All the exchanges among scholars not withstanding, the period names, characteristics, and dates that a reader runs across depend on what reference or text book is accessed or who is consulted.
Fortunately, although the precise classification of literary periods can be critical to scholars, the rest of us only use literary periods to improve reading comprehension and for orientation; precision is not a requisite. Unless you want to become expert in this field, The Muse advises you to approach period schema the way you would a survey course. For this reason, The Muse offers you a selection of lists of literary periods you can easily access on the internet and compare.
Explore a cross section of literary period schemes composed by different experts and sources; use them to compare what different experts have to say about literary periods:
The notion of literary periods helps scholars describe, analyze, and characterize literature by chronologically dividing it. But a literary period is not the only chronological unit that is useful for characterizing literary authors and works. The terms era, movement, age, and epoch are also employed.
The meanings of these terms are nuanced; but for practical purposes, there is little difference between any of these words when it comes to designating a literary period; each may be used for this purpose—to designate a unit of time created to classify literature.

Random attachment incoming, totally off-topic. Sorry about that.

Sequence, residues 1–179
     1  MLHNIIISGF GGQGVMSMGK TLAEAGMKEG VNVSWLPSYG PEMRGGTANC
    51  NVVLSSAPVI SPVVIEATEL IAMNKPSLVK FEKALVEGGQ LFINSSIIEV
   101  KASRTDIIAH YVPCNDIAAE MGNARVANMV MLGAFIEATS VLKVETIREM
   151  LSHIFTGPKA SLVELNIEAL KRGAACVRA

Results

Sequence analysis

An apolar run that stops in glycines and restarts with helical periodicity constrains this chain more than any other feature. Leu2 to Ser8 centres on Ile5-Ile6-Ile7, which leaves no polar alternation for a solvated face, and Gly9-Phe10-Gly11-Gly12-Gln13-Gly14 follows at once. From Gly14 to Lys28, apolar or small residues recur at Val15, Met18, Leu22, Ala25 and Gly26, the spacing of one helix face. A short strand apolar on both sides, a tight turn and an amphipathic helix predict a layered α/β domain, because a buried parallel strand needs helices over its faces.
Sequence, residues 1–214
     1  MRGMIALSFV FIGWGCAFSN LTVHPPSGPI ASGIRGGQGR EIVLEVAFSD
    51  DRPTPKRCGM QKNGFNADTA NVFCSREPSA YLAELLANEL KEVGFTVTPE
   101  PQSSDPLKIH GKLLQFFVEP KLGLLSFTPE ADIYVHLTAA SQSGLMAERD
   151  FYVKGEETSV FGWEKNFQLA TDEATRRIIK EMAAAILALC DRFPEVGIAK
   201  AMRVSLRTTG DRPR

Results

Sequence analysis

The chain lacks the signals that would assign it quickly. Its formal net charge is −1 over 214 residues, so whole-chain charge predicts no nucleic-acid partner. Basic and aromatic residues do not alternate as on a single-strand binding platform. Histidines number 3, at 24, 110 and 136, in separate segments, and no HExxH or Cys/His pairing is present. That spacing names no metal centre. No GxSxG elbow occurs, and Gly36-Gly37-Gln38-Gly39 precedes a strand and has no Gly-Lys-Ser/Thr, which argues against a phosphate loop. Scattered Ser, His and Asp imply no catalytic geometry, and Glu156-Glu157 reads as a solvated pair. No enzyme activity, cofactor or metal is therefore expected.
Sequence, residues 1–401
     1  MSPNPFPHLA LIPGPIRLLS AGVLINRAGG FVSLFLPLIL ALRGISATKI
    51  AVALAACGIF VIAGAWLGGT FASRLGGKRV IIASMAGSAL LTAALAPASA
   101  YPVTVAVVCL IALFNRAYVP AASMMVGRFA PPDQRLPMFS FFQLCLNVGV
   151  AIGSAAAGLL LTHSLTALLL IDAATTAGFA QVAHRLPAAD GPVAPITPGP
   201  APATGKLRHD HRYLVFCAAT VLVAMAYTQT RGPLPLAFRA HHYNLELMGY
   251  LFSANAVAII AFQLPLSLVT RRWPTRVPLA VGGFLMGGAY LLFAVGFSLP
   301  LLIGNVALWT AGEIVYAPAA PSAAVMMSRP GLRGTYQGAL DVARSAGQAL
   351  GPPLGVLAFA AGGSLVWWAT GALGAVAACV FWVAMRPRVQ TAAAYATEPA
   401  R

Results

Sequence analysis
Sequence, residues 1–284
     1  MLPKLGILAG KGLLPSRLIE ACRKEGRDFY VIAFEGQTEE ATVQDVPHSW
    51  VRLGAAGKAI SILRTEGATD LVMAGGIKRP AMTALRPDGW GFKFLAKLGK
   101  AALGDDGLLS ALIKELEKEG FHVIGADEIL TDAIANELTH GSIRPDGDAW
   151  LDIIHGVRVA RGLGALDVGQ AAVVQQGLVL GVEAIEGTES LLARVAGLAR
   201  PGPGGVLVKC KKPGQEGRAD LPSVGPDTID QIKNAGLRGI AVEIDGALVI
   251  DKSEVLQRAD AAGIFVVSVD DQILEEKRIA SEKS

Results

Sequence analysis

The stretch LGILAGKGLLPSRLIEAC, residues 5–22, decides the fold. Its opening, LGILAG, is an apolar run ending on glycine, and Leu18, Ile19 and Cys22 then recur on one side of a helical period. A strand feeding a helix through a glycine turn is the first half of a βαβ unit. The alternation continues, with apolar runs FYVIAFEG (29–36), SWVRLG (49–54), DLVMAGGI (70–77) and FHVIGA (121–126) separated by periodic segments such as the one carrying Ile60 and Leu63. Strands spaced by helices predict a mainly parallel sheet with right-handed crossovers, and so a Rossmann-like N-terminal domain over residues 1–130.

For some reason, English and American scholars and tradition incline to the term period when classifying English Literature, although scholars have no qualms about using era or movement when it suits. Age and epoch are also employed.
The Muse encourages you to remain alert to the fact that these terms have overlapping but sometimes subtly different meanings. At once they can mean the same thing or they can mean something different.
What meanings do these terms have in common?
In literature, the idea of place is more than a pushpin pressed into a spot on a map. The notion of place involves factors such as literary style, genre, and form, culture, society, history, a sense of belonging, and a number of other geopolitical, economic, and psychological factors. Most of all, it involves spirit—a set of attitudes or principles inspired by a locale that animates or pervades the literary thought, emotion, temperament, feelings, attitudes, and actions of a single author or group of authors.